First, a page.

This Sunday is also Trinity Sunday, the first Sunday after Pentecost. This Sunday has been set aside in the church calendar as a day when we pay special attention to the Doctrine of the Trinity in our common life.
This doctrine is the very foundation of all Christian faith and practice; it is as the most preeminent theologian of the Trinity among the Church Fathers, St. Gregory Nazianzen, called it, "the only true devotion and saving doctrine" for that very reason (Oration 43.30). Without it, the entire edifice of Christian teaching, from the Incarnation of Jesus and his atoning sacrifice for our sins, to the doctrines of the Church and the Sacraments would come crumbling down. I have often thought that just about all orthodox doctrine hangs on solid Christology, or the doctrine of the person of Christ. This is very true. However, Christology itself hangs on the Doctrine of the Trinity. It is fitting and proper that we should spend at least one day a year focusing our attention on this crucial teaching of Scripture and the Church, especially after we celebrate the descent of the Holy Spirit and the full revelation of God's being and character that he brings to us. Knowledge of the One God as a Trinity of Persons is perhaps the most glorious fruit of Pentecost.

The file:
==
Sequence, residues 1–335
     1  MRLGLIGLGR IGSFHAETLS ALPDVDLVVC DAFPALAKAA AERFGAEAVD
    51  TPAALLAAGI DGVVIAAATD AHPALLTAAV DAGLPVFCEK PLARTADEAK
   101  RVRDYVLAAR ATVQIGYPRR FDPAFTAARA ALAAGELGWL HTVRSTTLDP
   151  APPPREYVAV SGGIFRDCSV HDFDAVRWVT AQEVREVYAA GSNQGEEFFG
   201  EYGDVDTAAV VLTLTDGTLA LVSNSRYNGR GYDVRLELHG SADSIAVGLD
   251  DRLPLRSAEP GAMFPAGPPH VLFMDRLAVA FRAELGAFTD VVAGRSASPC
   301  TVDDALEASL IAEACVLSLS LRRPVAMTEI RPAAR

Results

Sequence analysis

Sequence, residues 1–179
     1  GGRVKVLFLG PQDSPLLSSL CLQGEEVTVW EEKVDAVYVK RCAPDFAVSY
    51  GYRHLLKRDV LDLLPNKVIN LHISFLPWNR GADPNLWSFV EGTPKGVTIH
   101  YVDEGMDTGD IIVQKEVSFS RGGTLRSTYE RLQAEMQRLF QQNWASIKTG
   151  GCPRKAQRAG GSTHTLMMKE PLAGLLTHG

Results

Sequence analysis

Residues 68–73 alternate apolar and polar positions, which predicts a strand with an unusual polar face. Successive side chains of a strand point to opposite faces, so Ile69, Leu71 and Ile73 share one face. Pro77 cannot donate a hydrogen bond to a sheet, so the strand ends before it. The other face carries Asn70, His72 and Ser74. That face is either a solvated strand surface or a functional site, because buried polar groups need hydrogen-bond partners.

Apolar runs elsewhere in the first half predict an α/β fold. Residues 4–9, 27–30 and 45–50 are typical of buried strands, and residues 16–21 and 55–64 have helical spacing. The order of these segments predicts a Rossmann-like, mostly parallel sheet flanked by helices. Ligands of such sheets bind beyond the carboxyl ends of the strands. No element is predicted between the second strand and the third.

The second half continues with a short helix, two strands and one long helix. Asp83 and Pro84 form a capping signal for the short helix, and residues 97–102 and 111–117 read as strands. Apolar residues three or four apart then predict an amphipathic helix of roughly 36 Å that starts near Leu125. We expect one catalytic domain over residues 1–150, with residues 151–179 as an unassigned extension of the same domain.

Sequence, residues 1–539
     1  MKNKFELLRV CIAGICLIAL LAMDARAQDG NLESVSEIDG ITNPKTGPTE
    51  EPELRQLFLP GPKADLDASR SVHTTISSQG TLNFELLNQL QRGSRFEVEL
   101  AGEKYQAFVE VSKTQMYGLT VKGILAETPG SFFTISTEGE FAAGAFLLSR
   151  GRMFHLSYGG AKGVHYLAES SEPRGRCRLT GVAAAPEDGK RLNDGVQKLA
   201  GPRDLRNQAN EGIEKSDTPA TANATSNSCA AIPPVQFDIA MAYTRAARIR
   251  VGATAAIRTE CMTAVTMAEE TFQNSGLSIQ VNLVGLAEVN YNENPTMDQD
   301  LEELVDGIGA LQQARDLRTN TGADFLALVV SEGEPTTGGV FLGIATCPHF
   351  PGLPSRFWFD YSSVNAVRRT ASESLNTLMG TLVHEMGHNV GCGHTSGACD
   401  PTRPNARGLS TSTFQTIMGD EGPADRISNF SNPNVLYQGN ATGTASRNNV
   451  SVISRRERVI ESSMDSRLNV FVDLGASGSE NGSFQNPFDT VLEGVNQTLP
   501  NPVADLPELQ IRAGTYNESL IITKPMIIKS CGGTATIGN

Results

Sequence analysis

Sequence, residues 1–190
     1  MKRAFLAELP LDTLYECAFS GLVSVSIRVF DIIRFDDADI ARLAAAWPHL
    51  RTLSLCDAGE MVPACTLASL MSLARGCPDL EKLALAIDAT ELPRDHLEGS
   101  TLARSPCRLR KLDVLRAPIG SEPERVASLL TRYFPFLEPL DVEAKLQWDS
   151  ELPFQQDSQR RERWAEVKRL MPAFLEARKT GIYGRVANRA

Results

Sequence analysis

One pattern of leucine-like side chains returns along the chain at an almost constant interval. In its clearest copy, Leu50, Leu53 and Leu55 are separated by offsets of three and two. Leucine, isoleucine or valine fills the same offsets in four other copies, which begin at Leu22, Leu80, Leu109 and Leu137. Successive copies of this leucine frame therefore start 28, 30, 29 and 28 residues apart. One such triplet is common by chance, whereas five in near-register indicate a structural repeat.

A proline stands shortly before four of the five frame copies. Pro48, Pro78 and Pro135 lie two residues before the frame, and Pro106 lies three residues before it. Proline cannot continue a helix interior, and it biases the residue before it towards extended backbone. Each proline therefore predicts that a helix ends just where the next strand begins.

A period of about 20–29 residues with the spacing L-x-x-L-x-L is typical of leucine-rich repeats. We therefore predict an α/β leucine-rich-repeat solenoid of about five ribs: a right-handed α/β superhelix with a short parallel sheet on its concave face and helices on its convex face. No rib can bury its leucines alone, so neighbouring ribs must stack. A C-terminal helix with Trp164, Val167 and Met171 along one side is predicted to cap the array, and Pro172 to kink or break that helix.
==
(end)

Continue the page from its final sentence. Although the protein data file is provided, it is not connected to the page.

For that reason, we will be substituting the Apostles' Creed which normally comes with the Evening office with a recitation of some of the relevant questions and answers from the new Anglican Church in North America catechism: To Be A Christian: An Anglican Catechism. It may be a bit clunky at first, but I think it's a good exercise for us as those who strive to worship the triune God in Spirit and in Truth.
Come and join us as we worship One God in Three and Three in One.